“See what you made me do!” Paul screamed at his wife’s corpse. He was in a frenzy now, hair matted against his scalp with sweat. With true fury, he attacked Christine’s vast collection of perfume bottles. He swept them onto the floor where they glittered like gems and stamped on the ones that refused to break, filling the room with a flowery mixture of scents that was almost nauseating.
“Paul! That’s enough!”
Paul looked up to see Minnie standing in the middle of the room. She had picked up the Beretta and was pointing it at him.
“Minnie, what are you doing?” Paul gasped. He took a few cautious steps in her direction. “Just give me the gun, okay? I won’t hurt you.”
Minnie cast a frightened look at the dead woman on the bed. “What happened to your wife, Paul?”
He struggled to explain. “Nine years of committed togetherness was too fucking much, okay? You have no idea. Christine kept me around just to torture me. Her father made me sign a prenup so I wouldn’t get a penny in a divorce. They were a like tag-team—I couldn’t win. That sucks, right?”
“She sounds like a bitch,” Minnie agreed, but the gun did not waver.
“Anyway, I had an affair. Found a woman who could appreciate me, you know?” He gave Minnie a hopeful look. He’d saved her ass earlier tonight. She had tried to seduce him in his own kitchen, for Christ's sake. But now she was watching him stone-faced. “When Christine found out, she was furious.” Paul glanced at the corpse, as if expecting his wife to rise from the dead and start yelling at him. “Told me I was no good. Then she accused me of embezzling from her father’s stores.”
“Hey, all I did was take what was coming to me. I worked my butt off in those stores and her father only paid me a couple bucks above minimum wage.” Paul gritted his teeth. “I promised Christine that I would make it good. But she refused to give me a chance. She couldn’t wait to tell her father.”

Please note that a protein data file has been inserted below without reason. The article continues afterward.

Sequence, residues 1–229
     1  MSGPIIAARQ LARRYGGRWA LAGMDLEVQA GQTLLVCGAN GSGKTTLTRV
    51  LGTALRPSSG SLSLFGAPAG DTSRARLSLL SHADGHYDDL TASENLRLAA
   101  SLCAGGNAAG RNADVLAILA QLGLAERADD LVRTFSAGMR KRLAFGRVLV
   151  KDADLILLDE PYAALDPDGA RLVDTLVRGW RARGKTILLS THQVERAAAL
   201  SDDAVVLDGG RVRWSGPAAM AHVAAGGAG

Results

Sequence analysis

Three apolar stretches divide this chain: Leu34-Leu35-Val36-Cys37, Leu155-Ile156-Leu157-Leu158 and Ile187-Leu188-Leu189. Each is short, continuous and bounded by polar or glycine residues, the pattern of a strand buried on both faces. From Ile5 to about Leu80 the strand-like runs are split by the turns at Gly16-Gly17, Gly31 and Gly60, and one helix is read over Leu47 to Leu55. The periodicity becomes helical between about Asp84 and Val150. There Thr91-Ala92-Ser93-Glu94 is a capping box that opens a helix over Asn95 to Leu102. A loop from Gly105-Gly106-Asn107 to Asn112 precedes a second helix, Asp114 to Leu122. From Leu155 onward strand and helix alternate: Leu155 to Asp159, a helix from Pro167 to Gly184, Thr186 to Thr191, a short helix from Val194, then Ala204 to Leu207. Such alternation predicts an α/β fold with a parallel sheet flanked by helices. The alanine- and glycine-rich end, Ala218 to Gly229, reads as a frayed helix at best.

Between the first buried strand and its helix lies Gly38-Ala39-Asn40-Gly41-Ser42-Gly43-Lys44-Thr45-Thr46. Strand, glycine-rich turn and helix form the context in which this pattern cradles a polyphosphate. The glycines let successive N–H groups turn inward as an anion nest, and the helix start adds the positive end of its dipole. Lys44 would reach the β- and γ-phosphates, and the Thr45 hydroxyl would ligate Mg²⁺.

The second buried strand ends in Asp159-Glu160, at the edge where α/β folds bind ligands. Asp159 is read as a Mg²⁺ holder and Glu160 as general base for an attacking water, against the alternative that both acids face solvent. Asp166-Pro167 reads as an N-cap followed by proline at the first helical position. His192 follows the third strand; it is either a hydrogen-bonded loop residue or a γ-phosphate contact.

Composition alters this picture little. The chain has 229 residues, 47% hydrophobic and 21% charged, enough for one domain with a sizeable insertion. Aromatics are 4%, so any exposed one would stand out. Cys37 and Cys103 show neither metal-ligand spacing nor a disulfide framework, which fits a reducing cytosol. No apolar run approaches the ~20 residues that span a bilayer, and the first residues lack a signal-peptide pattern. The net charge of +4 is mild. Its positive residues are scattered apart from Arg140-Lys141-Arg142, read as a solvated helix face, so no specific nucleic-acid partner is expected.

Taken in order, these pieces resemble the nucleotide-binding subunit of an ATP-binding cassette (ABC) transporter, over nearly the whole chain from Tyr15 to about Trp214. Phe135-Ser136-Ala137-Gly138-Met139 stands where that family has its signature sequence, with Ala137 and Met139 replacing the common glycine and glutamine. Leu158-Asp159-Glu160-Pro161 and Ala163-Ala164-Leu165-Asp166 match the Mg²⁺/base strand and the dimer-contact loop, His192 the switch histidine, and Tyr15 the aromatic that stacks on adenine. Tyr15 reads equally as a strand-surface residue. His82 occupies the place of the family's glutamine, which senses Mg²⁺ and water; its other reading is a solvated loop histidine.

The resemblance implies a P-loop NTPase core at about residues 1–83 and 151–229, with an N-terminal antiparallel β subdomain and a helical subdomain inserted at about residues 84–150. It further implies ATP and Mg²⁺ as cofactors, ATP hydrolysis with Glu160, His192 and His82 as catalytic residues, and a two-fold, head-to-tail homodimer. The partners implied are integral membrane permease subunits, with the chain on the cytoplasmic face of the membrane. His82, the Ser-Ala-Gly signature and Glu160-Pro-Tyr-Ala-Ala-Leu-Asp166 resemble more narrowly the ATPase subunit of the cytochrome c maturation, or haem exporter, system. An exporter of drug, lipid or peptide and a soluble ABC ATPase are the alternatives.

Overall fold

“So you killed her.”
“We argued. Things got out of hand.” Paul shrugged. “I shot her.”
Minnie shifted her position slightly, as if her feet hurt. Paul wondered if she was getting tired. If he could distract her, she might let down her guard—then he could go for the gun. Paul kept talking, fast. He really was a great salesman, even if his lousy father-in-law had been too cheap to admit it.
“After Christine was dead, I drove out to the corporate office in Palm Springs. I wanted to check the books, make sure she hadn’t taken them with her. I was on my way home again when I came across you and your boyfriend on the highway.” Paul glanced down at Marcus, sprawled in a puddle of his own blood, and thought how much easier people were to deal with once they were dead.
Minnie looked confused. “But how were you going to explain your wife’s murder to the police?”
“That was the easy part. I left the alarm system off and a window open in the study. I wanted it to look like an intruder killed her.” He beamed at Marcus’ corpse. “And there he is!”
Minnie nodded as understanding dawned.
“So here’s the story, and it’s pretty simple.” Paul was unable to keep the satisfaction out of his voice. “Marcus killed Christine. Then I killed Marcus. Case closed.” When he saw the expression on Minnie’s face he hastened to add, “I guess he was your boyfriend and I’m sorry. But it was self-defense, right?”
“Sure, Paul. But now we’ve got some business to take care of.”